Re: What do you call it
|From:||Roger Mills <romilly@...>|
|Date:||Thursday, February 27, 2003, 5:12|
Sarah Marie Parker-Allen wrote:
Subject: What do you call it
> When a single word has two alternate pronunciations, amongst the same
> population (that is, each and every person would say it either way,freely),
> depending on context or a desire to make it rhyme?
In cases where it truly doesn't matter, and there are no conditioning
factors whatever-- free variation. The most common ex. is _economic_ and
its derivatives: [E]conomic ~ [i]conomic. At least in Amer.Engl. there is
no right/wrong-- we may say one, followed by the other a few sentences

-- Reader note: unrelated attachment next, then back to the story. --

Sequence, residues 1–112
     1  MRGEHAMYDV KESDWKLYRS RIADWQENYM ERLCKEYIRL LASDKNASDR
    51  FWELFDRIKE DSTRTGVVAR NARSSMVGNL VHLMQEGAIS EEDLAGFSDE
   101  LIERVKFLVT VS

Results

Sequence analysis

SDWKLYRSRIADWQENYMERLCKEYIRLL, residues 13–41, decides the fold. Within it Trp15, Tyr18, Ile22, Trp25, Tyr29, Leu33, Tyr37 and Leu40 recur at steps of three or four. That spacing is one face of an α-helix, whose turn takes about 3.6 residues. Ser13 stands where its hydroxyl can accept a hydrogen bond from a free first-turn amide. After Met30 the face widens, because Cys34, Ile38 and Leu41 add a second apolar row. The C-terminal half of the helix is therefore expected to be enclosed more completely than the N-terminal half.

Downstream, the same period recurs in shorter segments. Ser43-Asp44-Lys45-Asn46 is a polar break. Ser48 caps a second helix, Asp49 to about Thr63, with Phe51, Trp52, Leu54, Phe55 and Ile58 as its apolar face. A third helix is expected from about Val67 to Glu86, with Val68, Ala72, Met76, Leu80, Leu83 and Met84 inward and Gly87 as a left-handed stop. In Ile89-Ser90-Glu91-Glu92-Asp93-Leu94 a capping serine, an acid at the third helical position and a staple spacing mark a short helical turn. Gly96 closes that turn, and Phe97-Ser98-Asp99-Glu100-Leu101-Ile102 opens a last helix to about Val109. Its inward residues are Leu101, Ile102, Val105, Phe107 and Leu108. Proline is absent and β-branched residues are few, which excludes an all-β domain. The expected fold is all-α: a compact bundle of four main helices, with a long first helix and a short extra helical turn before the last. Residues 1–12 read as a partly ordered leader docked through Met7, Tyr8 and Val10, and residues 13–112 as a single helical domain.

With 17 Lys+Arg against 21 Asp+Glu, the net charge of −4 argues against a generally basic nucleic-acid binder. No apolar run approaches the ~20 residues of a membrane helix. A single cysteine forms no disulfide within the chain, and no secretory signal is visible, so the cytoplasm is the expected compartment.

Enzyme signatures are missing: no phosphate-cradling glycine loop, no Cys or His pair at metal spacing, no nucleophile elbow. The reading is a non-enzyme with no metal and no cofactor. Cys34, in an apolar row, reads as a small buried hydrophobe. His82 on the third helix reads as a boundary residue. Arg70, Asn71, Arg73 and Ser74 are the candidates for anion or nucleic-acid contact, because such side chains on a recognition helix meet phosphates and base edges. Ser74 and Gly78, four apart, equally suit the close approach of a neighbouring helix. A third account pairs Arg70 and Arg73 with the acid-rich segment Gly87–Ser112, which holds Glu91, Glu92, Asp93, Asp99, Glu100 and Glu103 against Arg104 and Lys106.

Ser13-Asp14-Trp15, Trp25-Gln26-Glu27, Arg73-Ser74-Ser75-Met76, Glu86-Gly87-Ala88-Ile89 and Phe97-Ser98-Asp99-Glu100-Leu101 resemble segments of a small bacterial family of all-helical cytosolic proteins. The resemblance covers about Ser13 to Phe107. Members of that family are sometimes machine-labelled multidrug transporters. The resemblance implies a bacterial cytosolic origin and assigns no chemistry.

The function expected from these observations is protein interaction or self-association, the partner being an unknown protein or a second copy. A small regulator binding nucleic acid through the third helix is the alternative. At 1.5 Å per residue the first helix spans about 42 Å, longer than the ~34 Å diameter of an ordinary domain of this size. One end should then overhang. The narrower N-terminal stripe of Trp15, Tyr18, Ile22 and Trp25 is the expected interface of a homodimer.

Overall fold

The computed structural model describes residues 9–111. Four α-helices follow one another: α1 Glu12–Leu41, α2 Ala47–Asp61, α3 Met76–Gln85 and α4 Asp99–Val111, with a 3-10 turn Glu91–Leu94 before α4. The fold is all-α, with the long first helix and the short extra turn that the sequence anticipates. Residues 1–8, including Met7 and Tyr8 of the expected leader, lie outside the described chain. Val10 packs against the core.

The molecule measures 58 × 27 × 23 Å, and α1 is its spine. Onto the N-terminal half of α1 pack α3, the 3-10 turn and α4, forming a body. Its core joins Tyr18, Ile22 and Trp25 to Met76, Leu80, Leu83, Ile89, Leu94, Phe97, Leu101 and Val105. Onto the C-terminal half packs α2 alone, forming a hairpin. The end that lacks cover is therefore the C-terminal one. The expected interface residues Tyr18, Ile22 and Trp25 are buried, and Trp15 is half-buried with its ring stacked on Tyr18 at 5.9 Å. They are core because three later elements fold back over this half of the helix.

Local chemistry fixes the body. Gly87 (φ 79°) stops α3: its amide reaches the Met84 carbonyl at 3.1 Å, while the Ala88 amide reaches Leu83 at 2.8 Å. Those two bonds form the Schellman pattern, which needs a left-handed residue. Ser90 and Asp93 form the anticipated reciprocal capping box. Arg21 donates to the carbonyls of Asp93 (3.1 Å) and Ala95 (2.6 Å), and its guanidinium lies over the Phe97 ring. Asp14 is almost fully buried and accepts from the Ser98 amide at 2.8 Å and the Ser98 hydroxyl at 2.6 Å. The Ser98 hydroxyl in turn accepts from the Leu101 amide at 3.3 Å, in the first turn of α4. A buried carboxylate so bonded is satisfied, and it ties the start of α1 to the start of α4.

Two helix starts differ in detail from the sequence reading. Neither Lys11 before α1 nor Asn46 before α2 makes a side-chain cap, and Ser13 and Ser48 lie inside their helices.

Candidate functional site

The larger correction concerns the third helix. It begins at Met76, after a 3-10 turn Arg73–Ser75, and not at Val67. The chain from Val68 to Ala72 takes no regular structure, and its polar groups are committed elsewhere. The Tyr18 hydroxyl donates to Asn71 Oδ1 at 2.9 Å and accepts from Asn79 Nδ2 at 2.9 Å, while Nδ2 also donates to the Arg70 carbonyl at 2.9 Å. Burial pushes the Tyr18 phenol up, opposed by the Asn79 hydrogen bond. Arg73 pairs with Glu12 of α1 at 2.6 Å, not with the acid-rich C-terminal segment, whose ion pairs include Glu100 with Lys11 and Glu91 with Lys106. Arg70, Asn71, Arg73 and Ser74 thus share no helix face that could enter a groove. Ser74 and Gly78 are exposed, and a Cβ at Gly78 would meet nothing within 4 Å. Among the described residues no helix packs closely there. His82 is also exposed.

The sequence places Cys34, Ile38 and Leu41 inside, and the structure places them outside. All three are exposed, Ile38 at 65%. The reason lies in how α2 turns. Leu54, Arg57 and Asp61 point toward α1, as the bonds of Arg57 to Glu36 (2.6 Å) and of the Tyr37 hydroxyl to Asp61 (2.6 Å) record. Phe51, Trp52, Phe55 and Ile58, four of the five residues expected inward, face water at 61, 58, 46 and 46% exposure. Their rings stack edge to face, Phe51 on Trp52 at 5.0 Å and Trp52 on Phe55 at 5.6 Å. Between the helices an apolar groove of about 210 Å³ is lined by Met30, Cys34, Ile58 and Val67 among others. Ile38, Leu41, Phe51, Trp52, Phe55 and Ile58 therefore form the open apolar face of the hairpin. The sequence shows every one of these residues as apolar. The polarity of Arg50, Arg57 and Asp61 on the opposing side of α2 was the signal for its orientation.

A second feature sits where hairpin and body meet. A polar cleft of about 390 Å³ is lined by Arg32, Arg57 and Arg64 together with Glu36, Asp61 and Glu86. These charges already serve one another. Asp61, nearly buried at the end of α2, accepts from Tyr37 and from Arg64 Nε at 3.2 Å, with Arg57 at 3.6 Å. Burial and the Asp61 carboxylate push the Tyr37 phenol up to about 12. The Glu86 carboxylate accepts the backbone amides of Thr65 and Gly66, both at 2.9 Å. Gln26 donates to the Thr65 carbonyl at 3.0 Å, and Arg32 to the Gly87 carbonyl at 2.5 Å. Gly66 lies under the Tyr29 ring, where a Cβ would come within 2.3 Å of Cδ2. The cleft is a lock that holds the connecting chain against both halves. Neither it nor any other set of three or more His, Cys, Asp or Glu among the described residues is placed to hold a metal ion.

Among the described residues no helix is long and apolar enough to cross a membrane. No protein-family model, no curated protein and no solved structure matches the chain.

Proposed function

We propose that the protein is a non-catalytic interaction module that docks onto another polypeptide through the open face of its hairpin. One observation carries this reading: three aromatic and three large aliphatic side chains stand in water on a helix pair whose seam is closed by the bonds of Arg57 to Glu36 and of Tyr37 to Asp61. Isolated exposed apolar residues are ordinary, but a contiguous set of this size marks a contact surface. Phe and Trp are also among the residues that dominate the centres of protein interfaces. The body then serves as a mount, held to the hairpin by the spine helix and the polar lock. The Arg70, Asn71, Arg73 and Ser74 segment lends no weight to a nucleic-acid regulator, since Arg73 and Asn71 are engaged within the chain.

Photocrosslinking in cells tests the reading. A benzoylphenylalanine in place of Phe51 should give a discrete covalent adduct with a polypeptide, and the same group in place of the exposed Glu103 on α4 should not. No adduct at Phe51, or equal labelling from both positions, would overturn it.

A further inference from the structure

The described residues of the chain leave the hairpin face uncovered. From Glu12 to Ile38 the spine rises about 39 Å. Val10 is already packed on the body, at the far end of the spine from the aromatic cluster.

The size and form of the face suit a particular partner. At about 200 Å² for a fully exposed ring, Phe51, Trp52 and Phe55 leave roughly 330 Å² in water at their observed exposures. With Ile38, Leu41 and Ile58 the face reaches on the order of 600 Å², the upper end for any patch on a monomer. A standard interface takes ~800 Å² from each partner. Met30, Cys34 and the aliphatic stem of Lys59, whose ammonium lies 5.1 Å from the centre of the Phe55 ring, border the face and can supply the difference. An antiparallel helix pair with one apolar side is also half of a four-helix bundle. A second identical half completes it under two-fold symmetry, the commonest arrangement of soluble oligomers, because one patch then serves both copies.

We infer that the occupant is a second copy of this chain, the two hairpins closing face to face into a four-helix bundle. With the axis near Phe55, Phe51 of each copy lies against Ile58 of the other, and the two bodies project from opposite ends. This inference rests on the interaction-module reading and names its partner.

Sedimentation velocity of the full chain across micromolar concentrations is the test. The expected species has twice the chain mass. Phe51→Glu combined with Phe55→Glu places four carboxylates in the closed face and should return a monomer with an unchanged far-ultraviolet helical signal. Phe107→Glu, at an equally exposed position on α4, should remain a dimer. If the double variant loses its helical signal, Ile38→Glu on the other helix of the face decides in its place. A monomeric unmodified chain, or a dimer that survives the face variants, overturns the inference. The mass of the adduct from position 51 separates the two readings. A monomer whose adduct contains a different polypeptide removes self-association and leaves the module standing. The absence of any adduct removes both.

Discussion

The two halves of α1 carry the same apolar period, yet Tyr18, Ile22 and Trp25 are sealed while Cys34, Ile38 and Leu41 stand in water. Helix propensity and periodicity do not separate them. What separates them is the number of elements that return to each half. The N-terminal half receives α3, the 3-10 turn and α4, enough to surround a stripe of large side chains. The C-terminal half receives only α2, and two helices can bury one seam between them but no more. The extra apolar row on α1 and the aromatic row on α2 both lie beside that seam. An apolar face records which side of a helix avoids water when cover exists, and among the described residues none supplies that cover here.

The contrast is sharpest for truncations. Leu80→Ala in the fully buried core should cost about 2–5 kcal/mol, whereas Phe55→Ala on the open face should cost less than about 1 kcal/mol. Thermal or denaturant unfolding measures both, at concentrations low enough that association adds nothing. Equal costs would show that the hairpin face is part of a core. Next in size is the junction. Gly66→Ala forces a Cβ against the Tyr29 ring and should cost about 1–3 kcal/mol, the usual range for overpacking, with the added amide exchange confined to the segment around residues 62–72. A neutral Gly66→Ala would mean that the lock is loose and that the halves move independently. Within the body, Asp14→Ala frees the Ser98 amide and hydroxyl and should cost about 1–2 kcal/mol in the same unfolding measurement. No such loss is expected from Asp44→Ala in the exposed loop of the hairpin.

later. Maybe _diesel_ with an /s/ or /z/ is another. There aren't many.
>I see this with "the"
> all the time -- when someone says it normally, it *usually* rhymes withthe
> vowel in "sun." But, quite often, people switch it to rhyming with "see"...
A little different. Their occurence is generally conditioned, though, true,
it's often ignored--
"thuh" before consonants (the president, the fool)
"thee" before vowels (the apple, the ichthyologist), including foreign words
pronounced more or less correctly-- the hors d'oeuvres [DiOr'd@rvz] (I did
say "more or less"!!!-- it's the silent h that counts anyway).
The "before vowel" rule can be violated if you insert a glottal stop-- thuh
?eagle, thuh ?elephant.
And the consonant rule can be violated for emphasis:
"A Bentley is _thee_ car nowadays"
In singing, it could be that "thee" predominates because [i] produces a
nicer sound than [@].